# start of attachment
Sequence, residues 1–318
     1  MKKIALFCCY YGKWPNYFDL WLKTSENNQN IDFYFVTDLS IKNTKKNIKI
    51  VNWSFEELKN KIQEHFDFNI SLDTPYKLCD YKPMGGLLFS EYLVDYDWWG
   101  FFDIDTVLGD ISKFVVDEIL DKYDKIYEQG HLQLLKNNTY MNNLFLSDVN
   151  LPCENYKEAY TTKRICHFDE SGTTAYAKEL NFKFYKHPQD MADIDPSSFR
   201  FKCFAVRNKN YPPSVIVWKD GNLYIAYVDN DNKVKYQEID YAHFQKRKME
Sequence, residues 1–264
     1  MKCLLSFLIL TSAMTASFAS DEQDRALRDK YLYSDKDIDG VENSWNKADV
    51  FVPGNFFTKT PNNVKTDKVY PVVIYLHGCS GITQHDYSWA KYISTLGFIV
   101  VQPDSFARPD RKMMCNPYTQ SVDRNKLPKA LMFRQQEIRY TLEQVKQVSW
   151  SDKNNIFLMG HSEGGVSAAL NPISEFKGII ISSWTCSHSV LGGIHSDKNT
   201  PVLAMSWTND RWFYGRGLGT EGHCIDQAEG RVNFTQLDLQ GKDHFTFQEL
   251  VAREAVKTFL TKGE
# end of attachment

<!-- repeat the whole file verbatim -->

Sequence, residues 1–318
     1  MKKIALFCCY YGKWPNYFDL WLKTSENNQN IDFYFVTDLS IKNTKKNIKI
    51  VNWSFEELKN KIQEHFDFNI SLDTPYKLCD YKPMGGLLFS EYLVDYDWWG
   101  FFDIDTVLGD ISKFVVDEIL DKYDKIYEQG HLQLLKNNTY MNNLFLSDVN
   151  LPCENYKEAY TTKRICHFDE SGTTAYAKEL NFKFYKHPQD MADIDPSSFR
   201  FKCFAVRNKN YPPSVIVWKD GNLYIAYVDN DNKVKYQEID YAHFQKRKME
Sequence, residues 1–264
     1  MKCLLSFLIL TSAMTASFAS DEQDRALRDK YLYSDKDIDG VENSWNKADV
    51  FVPGNFFTKT PNNVKTDKVY PVVIYLHGCS GITQHDYSWA KYISTLGFIV
   101  VQPDSFARPD RKMMCNPYTQ SVDRNKLPKA LMFRQQEIRY TLEQVKQVSW
   151  SDKNNIFLMG HSEGGVSAAL NPISEFKGII ISSWTCSHSV LGGIHSDKNT
   201  PVLAMSWTND RWFYGRGLGT EGHCIDQAEG RVNFTQLDLQ GKDHFTFQEL
   251  VAREAVKTFL TKGE